Elaine Chew, graduate student at the Operations Research Center and affiliated artist in the music and theater arts section, recently returned from an engagement at the President's Charity Concert with the Singapore Symphony Orchestra, where she performed Richard Strauss' Burleske for Piano and Orchestra. "Whether dispatching chordal thunder, sprinting through scintillating virtuoso runs with sparkling fingerwork, or whispering tender poetry, she embraced all with panache, entertaining aplomb and an acute sense of wit, revealing herself as a real minx, coy but full of flair," wrote Lionel Choi for the Straits Times (Singapore). The concert, attended by the president and first lady of Singapore, spotlighted rising Asian talents.
In a review headlined "Dante Anzolini brings out the best in MIT Symphony," the Boston Globe's Richard Buell praised both the symphony's new director in his debut concert on October 23 and the orchestra, writing "It was clear at the start that Anzolini knew what he was after. And what's more important, it was clear that the players of this young and ambitious community orchestra knew what he was after, too. They were able to deliver it solidly and reliably, and at times even with a suggestion of brilliance."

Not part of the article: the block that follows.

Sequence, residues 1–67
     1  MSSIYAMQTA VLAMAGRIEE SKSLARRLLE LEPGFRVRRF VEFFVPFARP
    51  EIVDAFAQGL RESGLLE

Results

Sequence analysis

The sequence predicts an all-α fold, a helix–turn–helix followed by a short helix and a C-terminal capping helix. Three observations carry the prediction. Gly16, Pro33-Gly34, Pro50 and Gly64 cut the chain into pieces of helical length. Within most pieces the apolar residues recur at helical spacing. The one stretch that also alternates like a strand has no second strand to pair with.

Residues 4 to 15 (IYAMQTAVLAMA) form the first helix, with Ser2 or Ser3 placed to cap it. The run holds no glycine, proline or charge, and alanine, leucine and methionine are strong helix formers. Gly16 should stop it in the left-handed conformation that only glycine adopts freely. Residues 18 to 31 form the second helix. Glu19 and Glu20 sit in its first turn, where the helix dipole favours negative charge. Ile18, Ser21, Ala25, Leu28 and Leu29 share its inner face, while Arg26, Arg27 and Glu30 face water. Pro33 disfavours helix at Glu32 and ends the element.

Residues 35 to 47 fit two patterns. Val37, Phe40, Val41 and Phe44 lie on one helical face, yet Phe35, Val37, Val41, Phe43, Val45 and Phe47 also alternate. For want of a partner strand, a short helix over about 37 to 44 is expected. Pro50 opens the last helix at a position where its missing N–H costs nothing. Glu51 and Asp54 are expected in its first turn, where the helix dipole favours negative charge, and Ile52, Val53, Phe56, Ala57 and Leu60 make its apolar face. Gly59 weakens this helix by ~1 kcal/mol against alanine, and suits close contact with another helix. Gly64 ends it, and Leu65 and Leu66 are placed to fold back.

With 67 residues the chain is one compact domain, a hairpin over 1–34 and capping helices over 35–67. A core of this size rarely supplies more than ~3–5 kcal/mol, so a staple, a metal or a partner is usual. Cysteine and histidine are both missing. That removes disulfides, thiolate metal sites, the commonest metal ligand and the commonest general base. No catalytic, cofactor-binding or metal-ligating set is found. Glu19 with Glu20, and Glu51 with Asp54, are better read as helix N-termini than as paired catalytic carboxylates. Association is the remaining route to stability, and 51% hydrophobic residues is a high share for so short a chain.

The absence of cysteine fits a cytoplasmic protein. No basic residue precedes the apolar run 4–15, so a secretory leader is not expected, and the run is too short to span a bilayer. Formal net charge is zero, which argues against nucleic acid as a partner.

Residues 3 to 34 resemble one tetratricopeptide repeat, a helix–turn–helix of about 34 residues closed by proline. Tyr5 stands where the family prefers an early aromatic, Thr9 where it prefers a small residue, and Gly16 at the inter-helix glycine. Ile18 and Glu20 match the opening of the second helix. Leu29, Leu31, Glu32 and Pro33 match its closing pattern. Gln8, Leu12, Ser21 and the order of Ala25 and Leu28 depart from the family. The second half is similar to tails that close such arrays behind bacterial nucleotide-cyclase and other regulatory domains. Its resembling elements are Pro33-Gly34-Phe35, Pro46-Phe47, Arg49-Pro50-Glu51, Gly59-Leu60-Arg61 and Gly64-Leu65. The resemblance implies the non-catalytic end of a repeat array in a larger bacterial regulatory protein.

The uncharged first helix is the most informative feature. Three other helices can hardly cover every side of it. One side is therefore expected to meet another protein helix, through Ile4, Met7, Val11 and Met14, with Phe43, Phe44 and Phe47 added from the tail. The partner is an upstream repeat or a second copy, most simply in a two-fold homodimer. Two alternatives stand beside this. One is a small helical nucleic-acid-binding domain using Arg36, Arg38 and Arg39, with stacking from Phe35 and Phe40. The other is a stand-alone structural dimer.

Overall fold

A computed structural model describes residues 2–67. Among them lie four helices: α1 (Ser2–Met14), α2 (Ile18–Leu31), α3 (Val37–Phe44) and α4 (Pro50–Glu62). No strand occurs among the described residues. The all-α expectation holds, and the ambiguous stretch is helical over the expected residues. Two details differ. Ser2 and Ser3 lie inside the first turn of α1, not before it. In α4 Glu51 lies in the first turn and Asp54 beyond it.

The review also praised flute soloist, junior Ole Mattis Nielsen, who "showed an ease with [Carl Nielsen's Flute Concerto's] peculiar vernacularï¿½ï¿½ï¿½ï¿½ï¿½ï¿½ï¿½ï¿½ï¿½ï¿½ï¿½ï¿½ï¿½ï¿½ï¿½ï¿½ï¿½ï¿½ï¿½ï¿½ï¿½ï¿½ï¿½ï¿½ï¿½ï¿½ï¿½ that was very impressive, as well as commendable in matters of technique."
A version of this article appeared in MIT Tech Talk on October 28, 1998.